You’ll just have to wait.
It’s a phrase I recite daily to my daughter, when we are about to leave the house and she decides she wants to play in the backyard, or when I am cooking dinner and she wants to eat the chicken right now. In earlier days, she would melt into a sobbing mess on the floor when I told her this, but now she usually takes it with much more grace, only briefly expressing her disappointment and then moving on to distract herself with some other activity. The key word here is “usually”- sometimes she still melts down when I tell her she has to wait, but I am trying to make her aware of the reality that she cannot have whatever she wants right this second, even if she asks nicely. When I tell her she has to wait a little while, she usually repeats back to me in her sweet toddler voice, “Have to wait, okay”.
After some reflection, it seems that I need to take a lesson from my one-and-a-half year old daughter, and her growing ability to accept delayed gratification.
One day a few weeks ago when I had a few quiet moments to myself, I began to feel the gravity of the unknown variables in my life creep behind me and sink its nails deep into my thoughts. Often in the quiet moments I feel the weight of my unknown future, and sometimes it makes me sad worried, sometimes hopeful. This particular time, I felt restless. Uneasy. Impatient.
This time, I thought to myself, “I am doing really well lately -I am starting figure some things out, I have created a sense of normality in my life, I am well on my way to getting myself standing strong on solid ground…”
Then, on cue, just like a child calling a parent, “God! Hey! Hey God. So I’ve been doing pretty well considering all those tricky life things that I got myself tangled into over the past few years. I know I can’t take all the credit, because honestly You and my family have bailed me out of rough situations more times than I can count, but I feel that I have been considerably resilient. I think it’s time for some answers, or maybe some good changes in my life? Maybe some clues as to what happens next, or where I should go now that I am through the worst?” (I laugh at myself thinking this, because I know there can always be something much worse right around the corner).
In short, lately I have been feeling simply impatient. Now that I have some basic things figured out, can I start working on the fun parts now? Maybe I could meet some new friends, maybe some young people who have little kids like me, people who might also have cute single man friends looking to meet a cute single mom (I know, yeah right about that last part, but a girl can daydream). Maybe I can start deciding where to send Coco to school- I am a private school kid myself, and the public schools in our area are not so great, but the tuition. Yikes.
Thoughts swirl in my head like this for a long time, on and on- I need to buy a car in the next few years, but I also need to pay off my loans, and make some big decisions about a career. All the while, I feel more restless and impatient, wishing that the good changes would start happening already. Finally, a thought popped into my head, a phrase I repeat to my daughter daily- but this time, God spoke it to me, like a parent to a child.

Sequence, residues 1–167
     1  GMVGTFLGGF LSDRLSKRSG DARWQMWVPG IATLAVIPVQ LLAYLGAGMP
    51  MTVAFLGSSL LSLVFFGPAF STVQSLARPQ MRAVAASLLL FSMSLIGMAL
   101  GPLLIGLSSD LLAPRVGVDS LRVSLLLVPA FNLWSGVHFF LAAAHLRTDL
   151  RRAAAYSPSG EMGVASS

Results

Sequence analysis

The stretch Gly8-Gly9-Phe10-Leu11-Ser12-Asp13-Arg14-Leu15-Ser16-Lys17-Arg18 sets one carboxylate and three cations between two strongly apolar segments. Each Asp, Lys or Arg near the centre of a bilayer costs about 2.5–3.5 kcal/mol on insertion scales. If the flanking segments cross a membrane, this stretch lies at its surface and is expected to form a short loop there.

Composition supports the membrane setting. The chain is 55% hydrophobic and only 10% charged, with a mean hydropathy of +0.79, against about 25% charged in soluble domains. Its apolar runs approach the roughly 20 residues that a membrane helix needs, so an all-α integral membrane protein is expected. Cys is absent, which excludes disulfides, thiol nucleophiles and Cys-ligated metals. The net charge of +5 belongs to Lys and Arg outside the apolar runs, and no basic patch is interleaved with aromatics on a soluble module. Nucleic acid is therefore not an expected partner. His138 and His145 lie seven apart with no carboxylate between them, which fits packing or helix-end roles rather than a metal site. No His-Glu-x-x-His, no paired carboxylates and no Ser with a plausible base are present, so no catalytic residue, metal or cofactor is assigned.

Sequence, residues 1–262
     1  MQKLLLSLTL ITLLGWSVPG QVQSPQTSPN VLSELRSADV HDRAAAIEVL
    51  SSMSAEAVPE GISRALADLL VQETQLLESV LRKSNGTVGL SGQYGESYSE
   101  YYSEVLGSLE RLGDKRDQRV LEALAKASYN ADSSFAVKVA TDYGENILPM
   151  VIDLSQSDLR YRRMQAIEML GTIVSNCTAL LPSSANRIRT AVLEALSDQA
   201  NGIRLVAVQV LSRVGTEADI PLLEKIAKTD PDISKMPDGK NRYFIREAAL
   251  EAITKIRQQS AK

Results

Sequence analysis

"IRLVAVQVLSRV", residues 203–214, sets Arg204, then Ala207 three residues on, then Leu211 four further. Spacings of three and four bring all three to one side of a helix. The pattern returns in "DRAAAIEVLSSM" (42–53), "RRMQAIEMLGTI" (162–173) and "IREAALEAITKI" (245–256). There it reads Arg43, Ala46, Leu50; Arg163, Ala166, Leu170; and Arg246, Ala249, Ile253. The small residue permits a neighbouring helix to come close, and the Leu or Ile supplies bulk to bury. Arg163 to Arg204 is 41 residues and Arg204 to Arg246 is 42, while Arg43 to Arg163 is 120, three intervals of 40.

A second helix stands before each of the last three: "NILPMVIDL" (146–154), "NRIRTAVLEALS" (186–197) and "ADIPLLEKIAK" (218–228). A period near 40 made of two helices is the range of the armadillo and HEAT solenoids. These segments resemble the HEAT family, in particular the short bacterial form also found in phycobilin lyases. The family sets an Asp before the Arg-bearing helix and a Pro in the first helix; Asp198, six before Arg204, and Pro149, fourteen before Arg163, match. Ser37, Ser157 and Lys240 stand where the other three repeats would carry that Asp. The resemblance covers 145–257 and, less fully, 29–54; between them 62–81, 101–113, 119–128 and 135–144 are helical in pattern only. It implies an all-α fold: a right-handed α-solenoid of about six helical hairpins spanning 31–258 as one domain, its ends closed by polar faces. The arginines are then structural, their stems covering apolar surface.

You’ll just have to wait.
Oh. Right, okay. I just have to wait.
Read this post I wrote a few months ago, and you will get an idea of how I tend view my future now, with a hopeful lens and a broad vision. While I have learned not to get overly attached to the plans and dreams that I concoct for my future, I still get restless and impatient thinking about when and how I will be able to start making changes to improve myself, my life, and my daughter’s life. As I wrote before, I am eager for the good changes to begin. I do not want to imply that I have had a lack of good life changes recently; in fact, my life is both immensely good and perpetually changing, in both easy and difficult times. But I now I am eager and impatient for exciting life events to find their way to me. It’s time I listen to myself, and learn some patience. I must learn to wait.
This is simply the season in my life right now. I realized that I need to be thankful for this time of waiting that God has allowed into my life, because it has been more peaceful than chaotic. I have realized that I should take this time to recuperate, to heal some wounds, to grow, and work, and enjoy the little things. I am learning to endure this season of my life patiently waiting for the good things to start growing and manifesting in new ways. Until then, I wait.
I had a hard time with this at first, because “waiting” sounds so passive and feeble, like you are waiting for your life to happen. I believe waiting can be active; it can be a time of growth, and evaluation, and discovery, and work. There is a quote from someone who is very wise that perfectly expresses what I am trying to convey. In the children’s show Daniel Tiger’s Neighborhood (a second generation spin-off of the original Mr. Roger’s Neighborhood, in case there was any confusion), Daniel Tiger learns the following important lesson, in catchy sing-song form, of course:
While you wait, you can play,
sing, or imagine anything.
-Daniel Tiger’s Neighborhood
Just because my life is in a season of waiting, does not mean I have to sit around and wish exciting things would happen to me. I will patiently wait, and keep trying to figure things out, and work hard, and enjoy a simple life for now. Thanks God, for reminding me to pay attention to the very things I tell my own daughter- please help me be patient.
I’ll just have to wait.